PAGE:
The Miyawaki Model of Afforestation is a technique, one that helps simulate a natural forest in a very short period of time. I have emphasized this point many times over. But everyone asks: What do we get from it? The answer is: Customize the Miyawaki Method to get whatever you want. For instance, a fruit forest. Prof. Miyawaki never spoke about that. His aim was to simulate natural forests. But we can adopt and adapt his technique.

This is a two-cent Miyawaki forest that a person at Kannur has made in his plot. It was set up in October 2019. Two cents of land is 80 sq. m. Last week we visited this plot to see its progress. It yielded a lot of fruits and the owners plucked them. This is what it looks right now. This video is to show you what fruits and flowers are left hanging on the trees. Cashew. Star fruit. It is very sweet when it ripens. Bilimbi. We make pickles with them. Mulberry. It has grown in profusion here. Watery rose apple. Soursop. Chickoo. Cocoa. It has not become ripe yet. African bird’s eye chilly. Many more such plants stand here. This is a two-cent fruit forest at Kannur that you just saw. No other plants or trees were planted here.

This is my own Miyawaki forest where I have also grown a few vegetable plants for domestic use. These are visuals to serve as inspiration to whoever is interested. You will see that fruit-bearing trees can be planted on the sides of Miyawaki forests. African bird’s eye chilly. As is done conventionally during planting, we made out some space for the saplings. Chilly plants grew well. A species of lemon called Odichukuthi narakam. Both have fruited. This is the side of another forest. Peanut plant. It is about to put out fruits. We hope to get a lot of peanuts from it. The peculiarity of the African bird’s eye chilly plant is that it does not require a lot of sunlight. In a forest, it is attacked by insects but not as much as it would be if it stood alone.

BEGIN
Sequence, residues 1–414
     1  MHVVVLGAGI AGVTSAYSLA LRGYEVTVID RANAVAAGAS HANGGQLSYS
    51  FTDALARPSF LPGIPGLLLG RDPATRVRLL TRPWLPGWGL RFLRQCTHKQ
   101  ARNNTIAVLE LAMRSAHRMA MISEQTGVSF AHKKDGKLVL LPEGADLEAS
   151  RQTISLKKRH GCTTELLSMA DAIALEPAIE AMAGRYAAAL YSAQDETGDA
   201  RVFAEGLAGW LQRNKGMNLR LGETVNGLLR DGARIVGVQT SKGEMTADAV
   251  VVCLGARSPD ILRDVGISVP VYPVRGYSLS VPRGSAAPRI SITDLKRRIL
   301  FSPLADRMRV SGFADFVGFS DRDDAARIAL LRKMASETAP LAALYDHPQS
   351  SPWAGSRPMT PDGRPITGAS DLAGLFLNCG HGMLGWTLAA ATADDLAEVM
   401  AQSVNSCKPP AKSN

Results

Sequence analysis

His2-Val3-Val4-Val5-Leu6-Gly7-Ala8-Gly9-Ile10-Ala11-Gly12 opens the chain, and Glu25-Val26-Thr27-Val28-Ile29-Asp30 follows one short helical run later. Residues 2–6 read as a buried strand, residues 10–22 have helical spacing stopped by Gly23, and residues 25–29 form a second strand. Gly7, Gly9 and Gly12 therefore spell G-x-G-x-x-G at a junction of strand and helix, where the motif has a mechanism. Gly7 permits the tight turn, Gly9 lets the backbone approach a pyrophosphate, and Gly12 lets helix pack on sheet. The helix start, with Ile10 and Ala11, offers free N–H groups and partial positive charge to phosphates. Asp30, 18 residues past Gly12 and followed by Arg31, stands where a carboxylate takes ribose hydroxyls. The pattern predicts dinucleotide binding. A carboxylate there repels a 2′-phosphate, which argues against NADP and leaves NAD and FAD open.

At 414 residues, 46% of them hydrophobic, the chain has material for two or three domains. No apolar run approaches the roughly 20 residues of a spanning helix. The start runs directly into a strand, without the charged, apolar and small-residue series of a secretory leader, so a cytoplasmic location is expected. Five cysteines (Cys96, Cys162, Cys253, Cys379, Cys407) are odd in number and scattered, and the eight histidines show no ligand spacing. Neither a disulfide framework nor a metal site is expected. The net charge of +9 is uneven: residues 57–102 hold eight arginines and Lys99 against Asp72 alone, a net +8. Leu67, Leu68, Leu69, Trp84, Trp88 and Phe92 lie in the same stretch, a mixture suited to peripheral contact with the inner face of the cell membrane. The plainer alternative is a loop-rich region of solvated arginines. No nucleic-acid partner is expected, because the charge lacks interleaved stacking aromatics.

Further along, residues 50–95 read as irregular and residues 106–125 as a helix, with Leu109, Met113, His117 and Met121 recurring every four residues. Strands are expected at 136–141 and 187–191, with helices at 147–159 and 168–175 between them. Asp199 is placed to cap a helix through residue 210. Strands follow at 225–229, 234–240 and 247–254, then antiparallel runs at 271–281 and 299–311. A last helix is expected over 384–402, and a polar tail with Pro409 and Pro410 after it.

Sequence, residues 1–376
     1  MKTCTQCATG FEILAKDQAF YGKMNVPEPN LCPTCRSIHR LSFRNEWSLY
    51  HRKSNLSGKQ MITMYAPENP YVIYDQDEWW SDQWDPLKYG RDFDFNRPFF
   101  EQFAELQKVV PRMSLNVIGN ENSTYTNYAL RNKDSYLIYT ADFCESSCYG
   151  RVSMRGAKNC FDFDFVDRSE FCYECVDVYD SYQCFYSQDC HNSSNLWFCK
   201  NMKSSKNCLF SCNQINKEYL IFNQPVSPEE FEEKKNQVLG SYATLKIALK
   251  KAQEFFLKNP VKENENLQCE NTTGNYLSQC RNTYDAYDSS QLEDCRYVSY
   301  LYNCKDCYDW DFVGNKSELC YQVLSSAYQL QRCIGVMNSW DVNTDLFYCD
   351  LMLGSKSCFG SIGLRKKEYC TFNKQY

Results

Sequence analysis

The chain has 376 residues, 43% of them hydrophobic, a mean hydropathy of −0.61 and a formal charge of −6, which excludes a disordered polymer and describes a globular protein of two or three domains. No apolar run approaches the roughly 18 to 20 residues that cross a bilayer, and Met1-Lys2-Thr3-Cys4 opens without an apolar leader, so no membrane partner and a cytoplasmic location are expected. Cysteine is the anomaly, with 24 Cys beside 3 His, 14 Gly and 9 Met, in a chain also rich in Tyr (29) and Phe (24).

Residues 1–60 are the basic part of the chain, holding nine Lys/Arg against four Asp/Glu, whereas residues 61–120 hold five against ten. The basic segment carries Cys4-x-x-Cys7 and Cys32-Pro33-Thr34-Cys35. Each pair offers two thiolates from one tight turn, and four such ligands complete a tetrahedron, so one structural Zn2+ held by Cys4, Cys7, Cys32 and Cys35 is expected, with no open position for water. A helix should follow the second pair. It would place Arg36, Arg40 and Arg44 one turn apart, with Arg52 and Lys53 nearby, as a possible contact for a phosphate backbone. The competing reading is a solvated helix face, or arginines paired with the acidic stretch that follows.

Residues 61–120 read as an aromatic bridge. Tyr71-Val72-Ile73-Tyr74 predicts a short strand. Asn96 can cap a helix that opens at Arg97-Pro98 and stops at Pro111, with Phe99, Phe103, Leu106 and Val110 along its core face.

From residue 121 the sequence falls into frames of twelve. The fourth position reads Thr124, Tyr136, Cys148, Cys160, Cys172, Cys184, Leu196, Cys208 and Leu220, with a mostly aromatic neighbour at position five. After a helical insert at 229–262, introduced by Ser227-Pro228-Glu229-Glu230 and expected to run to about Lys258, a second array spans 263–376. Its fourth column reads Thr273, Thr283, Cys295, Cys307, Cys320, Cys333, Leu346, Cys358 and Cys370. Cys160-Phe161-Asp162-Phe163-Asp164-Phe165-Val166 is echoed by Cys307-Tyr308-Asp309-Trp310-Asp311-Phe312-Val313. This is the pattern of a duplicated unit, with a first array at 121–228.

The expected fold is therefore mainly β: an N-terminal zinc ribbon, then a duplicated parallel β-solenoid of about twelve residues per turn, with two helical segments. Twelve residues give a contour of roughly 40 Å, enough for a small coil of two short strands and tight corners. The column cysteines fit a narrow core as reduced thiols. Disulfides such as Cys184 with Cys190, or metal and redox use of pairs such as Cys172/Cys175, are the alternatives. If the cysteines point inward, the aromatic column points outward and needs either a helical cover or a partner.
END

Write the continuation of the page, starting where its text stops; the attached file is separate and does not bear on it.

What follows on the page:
This is the parapet wall of the first Miyawaki forest. We have pepper vines in buckets, and you can see a lot of peppercorns here. Star fruit. It is fruiting well. It stands on the side of the forest and does not get sunlight at all. But it produces a lot of fruits. So Miyawaki forests are growing on all four sides. We do a bit of farming in the middle. Bananas. Papayas. Curry leaf. African bird’s eye chilly. Guava in plentiful numbers. Brinjal. Its season is over but we got a lot of it. We have the file shots. Passion fruit. The vine climbed all over the trees, and the fruits can be seen hanging. This is another corner where you can see Mulberry. Drumstick tree. Curry leaf tree. Lime tree.

This is a forest we put up on a rock last year. It is one year and three months old. You can see the Golden shower in bloom here. Curry leaf is a tree that is treated with huge amounts of pesticides. Malayalis use the leaves in huge quantities. This curry leaf tree has been attacked by insects but, generally speaking, this is a healthy specimen. No pesticide or chemical fertilizer has been used here. As it grows in a forest, it is attacked by pests which in turn are eaten by predatory insects. This is the benefit of having a forest. The plants and trees are healthier.

This is another side of a Miyawaki forest. The passion fruit vine has grown over the fish tank. There are forests on all four sides. The forest on one side has not grown fully. Turkey berry plant grows here in the forest. Another plant which grows well among the trees is the coffee bush. This plant puts out flowers every three-four months and we will get the berries.  All the coffee bushes have started flowering here.

Look at the sky from here. Sunlight does not fall directly on the soil here. But all the plants are growing well. Banana. Elephant yam. Colocasia. Tapioca. Ginger. Drumstick tree. Curry leaf tree. None of them require a lot of sunlight.

There are many who complain about lack of space. This bit is hardly 100 sq. ft. The jack tree was here already. The rambutan too. But you can see a lot of fruit- and vegetable plants here. This is just one-fourth of a cent in area. Anyone with five cents can set apart so much space for growing vegetables and fruits. And the Miyawaki Method is best suited for your needs. Plant the saplings close to one another, and they will grow fast. You will get the fruits of your labour very soon too.